Dr. Zaleznik attributed the "economic" decline of more traditional psychoanalysis to "institutional narcissism," a business school concept, wherein organizations reward their members only for loyalty and "thorough identification" with the group. The consequences are a dramatic failure to incorporate new ideas and to change in ways that meet new needs in the marketplace. He concluded his talk by examining the ways in which the psychoanalytic community does not look at economic realities. For example, he said, psychoanalysis can be too costly and take too long. In this way it can lose sight of the purpose that "psychoanalysis is for life rather than life being for psychoanalysis." He suggested that developments in neuroscience may help us address the issue of what it is about psychoanalysis that is effective. None of the various theoretical approaches as yet have any "hard" scientific backing. This absence of science accounts in large part for the "intellectual chaos" in psychoanalytic theory today. Like Dr. Ross, Dr. Zaleznik argued that we can suffer just as much from an absence of authority as we can from becoming too dominated by it.
In the discussion that followed, the fact that we rarely discuss Rado, the "father" of our Center, was mentioned as a case in point. We perhaps deny his contribution in many areas, particularly his predictions regarding which parts of Freuds theories would ultimately be supported by neuroscience. To the extent that Rado was very authoritarian, we either complied too well or rebelled too strongly. Neither position allows a full evolution or incorporation of his ideas into our current conceptions here at Columbia.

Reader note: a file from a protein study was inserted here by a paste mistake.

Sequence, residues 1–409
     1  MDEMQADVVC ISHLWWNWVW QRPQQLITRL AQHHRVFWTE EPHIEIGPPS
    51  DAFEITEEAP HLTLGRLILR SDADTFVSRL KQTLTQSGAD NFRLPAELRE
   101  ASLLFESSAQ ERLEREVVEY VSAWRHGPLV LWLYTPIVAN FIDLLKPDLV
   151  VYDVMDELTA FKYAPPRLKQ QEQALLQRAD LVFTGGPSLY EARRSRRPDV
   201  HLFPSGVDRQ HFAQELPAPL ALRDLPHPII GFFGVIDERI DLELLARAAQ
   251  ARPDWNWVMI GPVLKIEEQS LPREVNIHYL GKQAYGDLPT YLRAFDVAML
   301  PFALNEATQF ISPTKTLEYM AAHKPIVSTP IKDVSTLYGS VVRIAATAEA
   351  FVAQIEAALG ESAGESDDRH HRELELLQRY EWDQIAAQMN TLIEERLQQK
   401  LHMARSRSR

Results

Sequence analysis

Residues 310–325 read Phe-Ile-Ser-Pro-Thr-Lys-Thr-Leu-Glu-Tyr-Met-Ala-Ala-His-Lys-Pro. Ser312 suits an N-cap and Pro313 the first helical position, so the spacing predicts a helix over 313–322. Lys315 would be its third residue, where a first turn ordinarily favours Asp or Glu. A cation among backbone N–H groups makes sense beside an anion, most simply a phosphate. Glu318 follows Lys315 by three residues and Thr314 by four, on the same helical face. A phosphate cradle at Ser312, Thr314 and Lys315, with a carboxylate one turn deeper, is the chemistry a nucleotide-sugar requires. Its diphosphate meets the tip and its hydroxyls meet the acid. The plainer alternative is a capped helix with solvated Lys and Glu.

Most participants agreed that psychoanalysts have a history of behaving very badly toward patients and candidates. One thought, however, was that better behavior would not have been enough -- that social forces have been more powerful than anything psychoanalysts have done to themselves. Another point that was made was that by discussing these "boundary abuses" rather than covering them up, we will be in a much better position to define the future in different ways. Many agreed that we are doing better with less authoritarian institutional structures and with the elimination of "human" errors and "rudeness" from our treatment.
Dr. Glick concluded the discussion by noting that Dr. Ross had provided an Oedipal reading of our history. He noted that there were two factors that might serve to counter the abuses of authority described. The first concerns pre-Oedipal development, which determines how we traverse Oedipal life. Our need to care for others, he pointed out, draws its passion from these early experiences with our mothers. He noted that this need to care and empathize might counter any sadomasochistic stance elicited during training. The second factor Dr. Glick cited is that although our claims to authority rest on our theories, it has always been our clinical work that drives theory formation. Our experience in sessions, our listening to the patient, does indeed temper our use of authority. He noted that theories never provide enough room to explore treatment and that therefore they must constantly be revised to meet the realities of our clinical experience. The anarchy that Dr. Ross described has led to many cults of personality in the field, all of which have been historically rationalized around theory. They represent instances where we have replaced the goal of understanding the treatment experience with the goal of loyalty or identification with the group. Our field grows only to the extent that clinical work changes the theory, and not the other way around.